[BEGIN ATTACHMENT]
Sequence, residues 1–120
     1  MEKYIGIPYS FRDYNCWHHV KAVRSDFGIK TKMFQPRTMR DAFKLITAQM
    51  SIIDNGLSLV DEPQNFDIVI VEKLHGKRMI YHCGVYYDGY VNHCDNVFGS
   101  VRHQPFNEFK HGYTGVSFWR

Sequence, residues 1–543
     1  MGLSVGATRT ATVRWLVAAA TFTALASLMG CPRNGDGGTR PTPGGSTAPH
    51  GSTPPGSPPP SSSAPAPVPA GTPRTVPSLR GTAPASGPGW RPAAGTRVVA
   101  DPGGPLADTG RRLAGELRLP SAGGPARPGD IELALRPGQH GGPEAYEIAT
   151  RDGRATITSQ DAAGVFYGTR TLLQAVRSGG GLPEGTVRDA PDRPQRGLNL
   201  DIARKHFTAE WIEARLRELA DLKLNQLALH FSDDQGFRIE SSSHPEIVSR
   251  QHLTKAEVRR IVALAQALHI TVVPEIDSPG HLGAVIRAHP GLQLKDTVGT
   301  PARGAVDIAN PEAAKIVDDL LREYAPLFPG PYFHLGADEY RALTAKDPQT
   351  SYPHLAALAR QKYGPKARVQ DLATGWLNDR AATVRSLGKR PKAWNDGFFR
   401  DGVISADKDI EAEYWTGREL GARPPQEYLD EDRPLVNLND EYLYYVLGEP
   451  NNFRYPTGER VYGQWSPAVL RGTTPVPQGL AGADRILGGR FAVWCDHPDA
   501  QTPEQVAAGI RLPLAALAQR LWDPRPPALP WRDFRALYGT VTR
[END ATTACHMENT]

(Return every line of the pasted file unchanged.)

Sequence, residues 1–120
     1  MEKYIGIPYS FRDYNCWHHV KAVRSDFGIK TKMFQPRTMR DAFKLITAQM
    51  SIIDNGLSLV DEPQNFDIVI VEKLHGKRMI YHCGVYYDGY VNHCDNVFGS
   101  VRHQPFNEFK HGYTGVSFWR

Sequence, residues 1–543
     1  MGLSVGATRT ATVRWLVAAA TFTALASLMG CPRNGDGGTR PTPGGSTAPH
    51  GSTPPGSPPP SSSAPAPVPA GTPRTVPSLR GTAPASGPGW RPAAGTRVVA
   101  DPGGPLADTG RRLAGELRLP SAGGPARPGD IELALRPGQH GGPEAYEIAT
   151  RDGRATITSQ DAAGVFYGTR TLLQAVRSGG GLPEGTVRDA PDRPQRGLNL
   201  DIARKHFTAE WIEARLRELA DLKLNQLALH FSDDQGFRIE SSSHPEIVSR
   251  QHLTKAEVRR IVALAQALHI TVVPEIDSPG HLGAVIRAHP GLQLKDTVGT
   301  PARGAVDIAN PEAAKIVDDL LREYAPLFPG PYFHLGADEY RALTAKDPQT
   351  SYPHLAALAR QKYGPKARVQ DLATGWLNDR AATVRSLGKR PKAWNDGFFR
   401  DGVISADKDI EAEYWTGREL GARPPQEYLD EDRPLVNLND EYLYYVLGEP
   451  NNFRYPTGER VYGQWSPAVL RGTTPVPQGL AGADRILGGR FAVWCDHPDA
   501  QTPEQVAAGI RLPLAALAQR LWDPRPPALP WRDFRALYGT VTR